- Systemic Diseases and Oral Health. [REVIEW]
- Dent Clin North Am 2014 Oct; 58(4):797-814.
The US population is at the beginning of a significant demographic shift; the American geriatric population is burgeoning, and average longevity is projected to increase in the coming years. Elder adults are affected by numerous chronic conditions, such as diabetes, hypertension, osteoarthritis, osteoporosis, cardiovascular diseases, and cerebrovascular diseases. These older adults need special dental care and an improved understanding of the complex interactions of oral disease and systemic chronic diseases that can complicate their treatment. Oral diseases have strong associations with systemic diseases, and poor oral health can worsen the impact of systemic diseases.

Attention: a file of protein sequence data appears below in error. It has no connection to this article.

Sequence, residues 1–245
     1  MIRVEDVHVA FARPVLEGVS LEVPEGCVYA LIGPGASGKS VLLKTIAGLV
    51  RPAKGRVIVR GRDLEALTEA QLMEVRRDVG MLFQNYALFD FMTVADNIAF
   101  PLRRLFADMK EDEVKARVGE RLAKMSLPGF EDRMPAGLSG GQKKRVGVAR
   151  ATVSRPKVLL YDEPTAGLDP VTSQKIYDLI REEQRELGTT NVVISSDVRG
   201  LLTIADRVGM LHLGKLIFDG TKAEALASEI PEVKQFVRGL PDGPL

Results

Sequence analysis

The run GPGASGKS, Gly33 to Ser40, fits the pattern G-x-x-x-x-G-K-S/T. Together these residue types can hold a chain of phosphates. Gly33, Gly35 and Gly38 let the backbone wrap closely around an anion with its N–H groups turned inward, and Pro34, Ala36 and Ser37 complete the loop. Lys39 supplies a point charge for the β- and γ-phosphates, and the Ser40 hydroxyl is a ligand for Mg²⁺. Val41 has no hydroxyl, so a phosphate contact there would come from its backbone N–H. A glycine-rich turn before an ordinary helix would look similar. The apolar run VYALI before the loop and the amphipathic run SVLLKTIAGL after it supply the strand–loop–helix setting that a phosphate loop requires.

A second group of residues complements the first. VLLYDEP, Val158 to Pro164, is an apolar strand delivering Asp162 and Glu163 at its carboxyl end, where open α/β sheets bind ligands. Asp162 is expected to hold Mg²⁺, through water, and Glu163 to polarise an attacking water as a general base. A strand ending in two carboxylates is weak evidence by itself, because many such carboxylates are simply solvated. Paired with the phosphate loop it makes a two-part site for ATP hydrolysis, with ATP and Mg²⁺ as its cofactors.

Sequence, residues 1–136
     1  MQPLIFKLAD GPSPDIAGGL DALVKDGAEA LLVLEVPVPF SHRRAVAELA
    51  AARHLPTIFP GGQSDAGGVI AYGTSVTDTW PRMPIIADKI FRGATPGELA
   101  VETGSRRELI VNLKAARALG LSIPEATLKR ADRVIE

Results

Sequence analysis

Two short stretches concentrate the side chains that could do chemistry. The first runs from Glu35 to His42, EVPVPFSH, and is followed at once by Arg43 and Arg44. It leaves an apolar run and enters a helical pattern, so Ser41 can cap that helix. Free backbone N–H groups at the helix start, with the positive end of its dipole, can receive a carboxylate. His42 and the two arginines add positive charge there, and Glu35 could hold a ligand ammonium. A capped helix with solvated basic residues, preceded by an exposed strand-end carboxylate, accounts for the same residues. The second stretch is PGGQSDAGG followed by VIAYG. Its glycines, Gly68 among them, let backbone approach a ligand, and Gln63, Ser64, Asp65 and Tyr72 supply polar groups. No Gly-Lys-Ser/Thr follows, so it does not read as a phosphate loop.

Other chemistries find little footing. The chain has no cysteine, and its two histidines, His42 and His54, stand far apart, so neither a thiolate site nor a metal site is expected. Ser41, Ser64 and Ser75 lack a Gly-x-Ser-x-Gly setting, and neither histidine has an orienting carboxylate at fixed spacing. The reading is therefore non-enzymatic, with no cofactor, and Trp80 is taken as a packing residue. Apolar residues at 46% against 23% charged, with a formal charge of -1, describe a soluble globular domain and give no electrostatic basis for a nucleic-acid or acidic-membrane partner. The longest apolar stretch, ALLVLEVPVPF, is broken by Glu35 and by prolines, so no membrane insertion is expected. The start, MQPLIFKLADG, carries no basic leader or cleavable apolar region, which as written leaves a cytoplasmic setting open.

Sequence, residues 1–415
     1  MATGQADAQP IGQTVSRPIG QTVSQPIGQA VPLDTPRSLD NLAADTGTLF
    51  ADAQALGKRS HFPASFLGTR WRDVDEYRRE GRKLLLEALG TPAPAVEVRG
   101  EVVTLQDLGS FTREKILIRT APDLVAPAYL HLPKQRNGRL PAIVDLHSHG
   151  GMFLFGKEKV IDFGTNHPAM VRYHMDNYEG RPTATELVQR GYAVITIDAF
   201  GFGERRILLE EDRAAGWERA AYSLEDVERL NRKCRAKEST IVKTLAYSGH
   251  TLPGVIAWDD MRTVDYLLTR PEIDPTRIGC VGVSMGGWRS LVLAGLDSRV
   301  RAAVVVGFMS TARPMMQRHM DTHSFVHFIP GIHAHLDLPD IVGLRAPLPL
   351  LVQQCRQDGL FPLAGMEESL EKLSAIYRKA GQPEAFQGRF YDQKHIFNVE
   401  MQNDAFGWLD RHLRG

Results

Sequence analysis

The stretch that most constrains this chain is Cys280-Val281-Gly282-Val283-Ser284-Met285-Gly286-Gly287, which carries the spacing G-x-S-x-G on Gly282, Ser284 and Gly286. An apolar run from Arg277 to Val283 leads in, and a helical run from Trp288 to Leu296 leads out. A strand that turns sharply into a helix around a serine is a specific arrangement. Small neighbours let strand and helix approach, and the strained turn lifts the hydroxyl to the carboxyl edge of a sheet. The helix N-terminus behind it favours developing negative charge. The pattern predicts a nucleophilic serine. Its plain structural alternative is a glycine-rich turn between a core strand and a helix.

- Oral implications of polypharmacy in the elderly. [Journal Article, Research Support, Non-U.S. Gov't]
- Dent Clin North Am 2014 Oct; 58(4):783-96.
One of the major side effects of medications prescribed to elderly patients is the qualitative and quantitative alteration of saliva (salivary hypofunction). Saliva plays a pivotal role in the homeostasis of the oral cavity because of its protective and functional properties, including facilitating speech, swallowing, enhancing taste, buffering and neutralizing intrinsic and extrinsic acid, remineralizing teeth, maintaining the oral mucosal health, preventing overgrowth of noxious microorganisms, and xerostomia. With salivary hypofunction, a plethora of complications arise, resulting in decreased quality of life. The anticholinergic effects of medications can be overcome, and the oral cavity can be restored to normalcy.